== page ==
(MENAFN - Muscat Daily) A team of six linguists from France and Switzerland studying Modern South Arabian languages in Oman as part of a project funded by the French National Research Agency (Agence Nationale de la Recherche Franaise) have in their findings said that they were unsuccessful in finding Bathari speakers in Dhofar.
Speaking to Muscat Daily earlier this year, Sabrina Benjaballah, a Paris University linguist who specialises in phonology and morphology had said, "We believe that the Bathari language of Dhofar is either extinct or nearly extinct as we haven't been able to find speakers".
But researchers Miranda Morris of St Andrews University, and Janet Watson of Leeds University said they had found some 20 Bathari speakers in Dhofar. In a study supported by the Diwan of Royal Court, Dr Miranda recorded Bathari speakers in the 1970s and 1980s, and with the death of these speakers, feared that this language might have died out. But on returning to the area in 2012, she was delighted to find that some of the elders still spoke Bathari.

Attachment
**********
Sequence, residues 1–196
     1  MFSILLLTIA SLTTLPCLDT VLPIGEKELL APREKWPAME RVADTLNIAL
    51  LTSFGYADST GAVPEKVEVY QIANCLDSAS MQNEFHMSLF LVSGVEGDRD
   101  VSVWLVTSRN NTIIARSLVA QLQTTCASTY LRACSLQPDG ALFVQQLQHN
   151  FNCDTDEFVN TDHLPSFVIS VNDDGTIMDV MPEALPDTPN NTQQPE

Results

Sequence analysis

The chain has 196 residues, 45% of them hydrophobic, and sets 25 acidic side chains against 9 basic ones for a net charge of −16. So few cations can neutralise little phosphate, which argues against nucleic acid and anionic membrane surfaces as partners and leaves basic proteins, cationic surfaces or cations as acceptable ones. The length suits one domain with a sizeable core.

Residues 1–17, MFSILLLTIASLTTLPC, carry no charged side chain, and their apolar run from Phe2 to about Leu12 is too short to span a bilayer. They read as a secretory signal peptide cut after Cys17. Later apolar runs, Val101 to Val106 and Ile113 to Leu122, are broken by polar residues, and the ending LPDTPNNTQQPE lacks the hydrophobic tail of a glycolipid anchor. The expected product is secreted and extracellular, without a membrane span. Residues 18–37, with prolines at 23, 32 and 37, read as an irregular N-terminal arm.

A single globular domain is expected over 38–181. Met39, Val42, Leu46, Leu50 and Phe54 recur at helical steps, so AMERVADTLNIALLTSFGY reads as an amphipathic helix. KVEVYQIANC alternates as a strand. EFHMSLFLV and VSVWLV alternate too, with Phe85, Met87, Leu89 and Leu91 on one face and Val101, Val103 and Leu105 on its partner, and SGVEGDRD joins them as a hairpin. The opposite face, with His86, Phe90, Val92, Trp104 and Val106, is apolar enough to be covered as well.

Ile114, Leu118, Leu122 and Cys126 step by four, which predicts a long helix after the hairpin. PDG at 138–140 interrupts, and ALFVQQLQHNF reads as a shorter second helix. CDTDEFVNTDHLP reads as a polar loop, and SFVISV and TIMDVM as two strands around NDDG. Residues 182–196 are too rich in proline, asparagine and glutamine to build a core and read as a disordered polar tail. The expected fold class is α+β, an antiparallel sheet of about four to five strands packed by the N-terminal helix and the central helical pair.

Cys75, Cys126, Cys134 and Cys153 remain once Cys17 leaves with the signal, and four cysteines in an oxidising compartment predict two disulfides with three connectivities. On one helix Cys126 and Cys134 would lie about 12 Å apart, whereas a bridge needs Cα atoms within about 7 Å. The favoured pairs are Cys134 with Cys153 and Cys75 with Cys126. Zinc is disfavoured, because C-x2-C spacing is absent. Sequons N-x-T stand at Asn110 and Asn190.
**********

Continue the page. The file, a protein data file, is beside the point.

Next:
"Bathari has the fewest speakers and is in immediate danger of disappearing," said the researchers.
"The lexis of all these languages reflects a culture which is becoming fragile, including terms used for endangered fauna and flora, foodstuffs, traditional skills and activities, as well as means of obtaining food and water. Equally importantly, it also records the speakers' expertise in livestock husbandry, harvesting the sea, and in the sustainable management of rangeland and water.
''The study and description of the Modern South Arabian languages is crucial to understanding this extremely rich culture with its wealth of stories, song and poetry, and to evaluating the historical development of the Semitic language family as a whole," the findings say.
Ancient languages currently being spoken in Oman are Mehri, Shahri, Harsusi, Hobyot, Bathari, Kumzari and Shihhi
"Mehri, Shahri, Harsusi, Hobyot, Bathari and Shihhi are semitic languages. Of these, Shihhi is believed to be a dialect of Arabic.
''Kumzari, spoken in the Musandam Peninsula along with Shihhi, is non-Semitic, but exhibits some Semitic features. The Modern South Arabian languages (Mehri, Shahri, Harsusi, Hobyot, Bathari and Soqotri, spoken on the island of Soqotra) exhibit ancient Semitic features, including 3s-like sounds, and dual pronouns and verb forms, suggesting they may be older than Arabic," they said.